Regeneration of a completely barren landscape in 1994 into a thriving forest of over 120 species over about 7 acres, and experimenting with a diversity of local/traditional vegetables. All this with two principles: no hired labour, and no external inputs (soil, water, etc); the exception being that Bernard felt the need to introduce Australian acacia to help create the initial biomass and micro-climate that then enabled other (indigenous) species to be encouraged. Several threatened species have come up in the forest; and several varieties of vegetables that have otherwise disappeared, including some incredible red bhindi (lady’s fingers)!
For more information: https://www.auroville.org/contents/2901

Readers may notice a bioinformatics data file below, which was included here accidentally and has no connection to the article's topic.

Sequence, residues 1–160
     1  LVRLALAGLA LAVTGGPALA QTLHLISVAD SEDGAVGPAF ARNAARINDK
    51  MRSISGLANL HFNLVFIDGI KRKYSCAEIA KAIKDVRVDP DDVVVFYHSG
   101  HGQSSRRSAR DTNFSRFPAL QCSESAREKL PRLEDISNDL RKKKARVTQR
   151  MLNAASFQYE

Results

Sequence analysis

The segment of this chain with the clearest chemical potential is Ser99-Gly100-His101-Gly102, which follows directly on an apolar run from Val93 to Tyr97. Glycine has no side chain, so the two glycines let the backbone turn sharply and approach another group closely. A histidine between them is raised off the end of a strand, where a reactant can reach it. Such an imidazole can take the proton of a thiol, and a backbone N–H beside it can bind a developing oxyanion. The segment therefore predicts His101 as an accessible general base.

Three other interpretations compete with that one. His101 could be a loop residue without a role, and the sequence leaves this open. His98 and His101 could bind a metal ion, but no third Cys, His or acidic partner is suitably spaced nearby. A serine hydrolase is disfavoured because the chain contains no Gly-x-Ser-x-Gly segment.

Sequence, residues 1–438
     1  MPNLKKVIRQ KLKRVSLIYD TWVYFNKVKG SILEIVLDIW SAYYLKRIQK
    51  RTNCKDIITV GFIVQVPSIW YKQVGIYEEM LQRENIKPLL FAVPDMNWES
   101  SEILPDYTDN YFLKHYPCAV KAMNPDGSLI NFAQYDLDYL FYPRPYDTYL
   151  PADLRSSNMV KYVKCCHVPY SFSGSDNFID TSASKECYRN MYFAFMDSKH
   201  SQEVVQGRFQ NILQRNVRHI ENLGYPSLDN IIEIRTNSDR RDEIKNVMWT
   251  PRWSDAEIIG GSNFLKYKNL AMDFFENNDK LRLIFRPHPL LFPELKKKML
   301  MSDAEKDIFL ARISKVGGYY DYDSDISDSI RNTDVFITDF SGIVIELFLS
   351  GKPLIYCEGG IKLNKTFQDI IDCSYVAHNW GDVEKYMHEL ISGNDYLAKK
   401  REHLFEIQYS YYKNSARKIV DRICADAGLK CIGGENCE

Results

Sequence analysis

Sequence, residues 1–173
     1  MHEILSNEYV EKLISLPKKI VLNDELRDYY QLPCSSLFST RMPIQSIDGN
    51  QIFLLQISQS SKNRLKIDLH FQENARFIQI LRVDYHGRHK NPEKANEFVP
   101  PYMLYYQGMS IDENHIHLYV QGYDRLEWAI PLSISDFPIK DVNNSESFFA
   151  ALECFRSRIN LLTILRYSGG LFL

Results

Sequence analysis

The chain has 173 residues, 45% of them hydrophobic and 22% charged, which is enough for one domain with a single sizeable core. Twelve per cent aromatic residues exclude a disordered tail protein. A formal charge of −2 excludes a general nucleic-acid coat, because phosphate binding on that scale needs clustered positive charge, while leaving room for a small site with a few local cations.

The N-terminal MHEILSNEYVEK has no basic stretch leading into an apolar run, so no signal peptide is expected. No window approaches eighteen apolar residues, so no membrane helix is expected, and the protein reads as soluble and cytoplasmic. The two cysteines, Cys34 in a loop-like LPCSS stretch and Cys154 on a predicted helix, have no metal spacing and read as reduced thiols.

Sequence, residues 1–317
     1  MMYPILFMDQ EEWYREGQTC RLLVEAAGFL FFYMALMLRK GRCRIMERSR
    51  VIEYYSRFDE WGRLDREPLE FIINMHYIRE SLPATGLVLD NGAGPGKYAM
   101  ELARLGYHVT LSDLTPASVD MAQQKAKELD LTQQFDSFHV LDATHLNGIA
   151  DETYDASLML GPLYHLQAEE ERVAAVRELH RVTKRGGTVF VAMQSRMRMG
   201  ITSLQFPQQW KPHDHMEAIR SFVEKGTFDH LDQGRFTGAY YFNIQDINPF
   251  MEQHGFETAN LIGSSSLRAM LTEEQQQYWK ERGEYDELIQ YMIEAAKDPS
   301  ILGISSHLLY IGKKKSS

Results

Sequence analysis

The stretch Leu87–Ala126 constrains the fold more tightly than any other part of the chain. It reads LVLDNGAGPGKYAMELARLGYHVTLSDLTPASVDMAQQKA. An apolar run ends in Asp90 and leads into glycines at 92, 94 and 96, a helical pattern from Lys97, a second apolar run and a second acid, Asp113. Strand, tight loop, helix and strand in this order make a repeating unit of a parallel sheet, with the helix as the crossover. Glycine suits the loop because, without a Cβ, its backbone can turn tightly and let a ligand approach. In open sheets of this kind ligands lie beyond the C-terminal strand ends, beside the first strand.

Alternative Economy Vikalp Sangam core team members at Pebble Garden
Auroville’s first farm, started by The Mother in 1968. Turned completely organic in 2013. Over 44 acres, with no external inputs, the farm produces about 40% of Auroville’s fruit, vegetable, egg, and milk needs. With 13 full time staff, all from local villages (including young Ramanan who comes from a poor local family), the farm experiments with various techniques: permaculture, zero budget, biodynamic, agroforestry, natural farming, etc. Lots of soil and water regeneration work. Increasing outreach to surrounding farmers, especially youth to encourage them to stay on in agriculture (Ramanan himself being a possible role model). A ‘wild zone’ along the boundary enables some wildlife to survive, and do less damage to the crops (but there is also an electric fence!).
Sadhana Forest: Aviram Rozin